I needed to realize that the bravest thing I could do as a woman was not to keep saying what I didn't need or could get by without or could handle myself. And it wasn't to demand from others- women, or men- that they meet my needs either. The bravest thing I could do as a woman was to rely on Christ to fill me where the world couldn't, to define me as the world's standard changed, and to make me beautiful and strong in the important ways that count.
Becoming a person who values the things of God is a process that requires the desire to know more about God than self- and sometimes God can only get us to see this this by taking things away, by crumbling our well-constructed life as we know it.
Getting things down to the essentials is getting them down to a truth we can't see with too much stuff in our way.
This is how Jesus calls us to live and love: freely. It is what He has done, not what I can do, that my worth rests on (now, that is). It goes back to Him, not me. It goes back to love, not me. It goes back to a higher purpose, not mine. There's no performance, no striving, no proving. Just rest that comes from God, and so glory that goes back.
As a woman, that's particularly a gift. God wants us to be vessels for His love, not to feel like we have to do the work for Him. When we allow space for Him in our hearts, and when we invite, He will come. It is about the filling we so desperately need in order to give.
Especially now, living in a culture where more people get their ideas about the integrity and worth of women through politicized news stories and mediated culture than through Biblical understanding, we need women who are sure of who they are beyond what the world is telling them. For ourselves- our friends, our families, our loved ones, our husbands, our children- first.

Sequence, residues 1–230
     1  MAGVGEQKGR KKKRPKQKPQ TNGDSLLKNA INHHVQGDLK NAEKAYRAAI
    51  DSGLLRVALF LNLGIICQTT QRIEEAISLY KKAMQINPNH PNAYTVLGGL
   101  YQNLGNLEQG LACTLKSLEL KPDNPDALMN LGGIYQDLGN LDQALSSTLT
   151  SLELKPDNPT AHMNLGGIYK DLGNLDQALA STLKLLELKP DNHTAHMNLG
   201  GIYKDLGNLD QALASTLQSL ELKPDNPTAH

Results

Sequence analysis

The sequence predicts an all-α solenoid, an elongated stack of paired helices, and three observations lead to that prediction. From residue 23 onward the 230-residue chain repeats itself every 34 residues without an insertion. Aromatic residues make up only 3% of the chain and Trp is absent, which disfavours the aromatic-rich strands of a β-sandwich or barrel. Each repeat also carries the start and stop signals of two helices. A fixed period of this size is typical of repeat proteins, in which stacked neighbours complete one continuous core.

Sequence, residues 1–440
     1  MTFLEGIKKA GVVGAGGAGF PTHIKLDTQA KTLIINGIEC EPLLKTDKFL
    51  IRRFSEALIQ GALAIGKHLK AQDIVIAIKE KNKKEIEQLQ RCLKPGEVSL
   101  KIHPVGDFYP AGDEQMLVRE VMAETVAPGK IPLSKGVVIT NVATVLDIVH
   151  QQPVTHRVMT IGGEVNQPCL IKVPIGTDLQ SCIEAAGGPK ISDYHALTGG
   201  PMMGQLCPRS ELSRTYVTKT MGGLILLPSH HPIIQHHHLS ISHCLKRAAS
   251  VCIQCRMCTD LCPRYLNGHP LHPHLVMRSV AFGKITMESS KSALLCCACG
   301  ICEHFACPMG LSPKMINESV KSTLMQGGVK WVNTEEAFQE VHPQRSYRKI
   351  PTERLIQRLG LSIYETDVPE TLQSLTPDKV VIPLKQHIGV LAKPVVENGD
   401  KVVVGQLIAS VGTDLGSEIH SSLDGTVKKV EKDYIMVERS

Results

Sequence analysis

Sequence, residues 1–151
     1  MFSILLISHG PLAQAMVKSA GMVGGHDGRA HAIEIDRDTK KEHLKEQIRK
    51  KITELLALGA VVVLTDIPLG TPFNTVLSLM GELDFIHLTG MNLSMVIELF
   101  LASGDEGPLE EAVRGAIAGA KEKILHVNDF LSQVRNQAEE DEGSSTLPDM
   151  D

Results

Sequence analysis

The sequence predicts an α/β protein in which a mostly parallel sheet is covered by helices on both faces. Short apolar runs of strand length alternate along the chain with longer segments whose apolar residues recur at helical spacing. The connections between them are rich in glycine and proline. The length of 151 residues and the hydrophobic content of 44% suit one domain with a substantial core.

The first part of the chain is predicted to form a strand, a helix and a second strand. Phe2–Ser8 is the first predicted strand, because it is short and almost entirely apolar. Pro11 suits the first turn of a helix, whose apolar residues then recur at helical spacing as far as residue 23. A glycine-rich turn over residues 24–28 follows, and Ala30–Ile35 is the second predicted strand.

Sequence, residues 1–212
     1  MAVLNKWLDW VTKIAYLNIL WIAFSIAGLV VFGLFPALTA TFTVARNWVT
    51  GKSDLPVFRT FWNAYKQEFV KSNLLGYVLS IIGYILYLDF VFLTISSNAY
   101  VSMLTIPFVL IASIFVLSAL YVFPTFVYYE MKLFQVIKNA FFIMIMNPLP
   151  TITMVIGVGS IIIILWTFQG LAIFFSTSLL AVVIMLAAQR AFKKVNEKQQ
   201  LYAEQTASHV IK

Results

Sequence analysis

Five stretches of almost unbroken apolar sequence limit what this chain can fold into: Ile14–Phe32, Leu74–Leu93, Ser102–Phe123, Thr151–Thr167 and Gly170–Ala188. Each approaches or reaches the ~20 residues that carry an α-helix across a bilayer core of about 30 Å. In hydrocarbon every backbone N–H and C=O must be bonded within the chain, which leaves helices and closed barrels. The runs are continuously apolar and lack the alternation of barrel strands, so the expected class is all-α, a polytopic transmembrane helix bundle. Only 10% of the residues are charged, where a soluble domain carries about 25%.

Women who aren't afraid of being overlooked, even though they will be, because they embody modesty and purity in a culture that glorifies sexuality and attention, because they know that their worth isn't dependent on either.
Women who will sit with other women who are hurting, no matter what. Women who will pray to the God they know listens and works. Women who love others because they know they are loved by God. Women who uphold men in stepping into God's version of themselves, who help them heal, who encourage, who build up.
This is our real work, but how certain we must be that we are loved before we are bold.
If there are any women reading this right now who need the affirmation that they are worthy, I hope it is consoling to know that independent of what you have done, are feeling, or are going through that you are. No matter what your relationship standing, you are. No matter your financial status or what other people think of you, you are.
In Christ, you are, you always are, because this is about being, not doing.
Please remember that of all the identities, titles, and labels available to you, you are always free to make loved the most fundamental, and let your entire life flow from there.
"When a woman has a kingdom heart, she has an active understanding of what matters most to the heart of God. She lives in the balance of passion and contentment. She learns to love well, give without regard to self, and forgive without hesitation. The woman with a kingdom heart may have a duffel bag full of possessions or enough treasures to fill a mansion, but she has learned to hold them with an open hand. Hold everything with open hands. I don’t think we are ever allowed to grab hold of anything or anyone as though they matter more than the kingdom of heaven. When you hold relationships with open hands, then people come in and out of your life as gifts of grace to be cherished and enjoyed, not objects to be owned and manipulated. And then when you hold your dreams with open hands, you get to watch God resurrect what seemed dead and multiply what seemed small."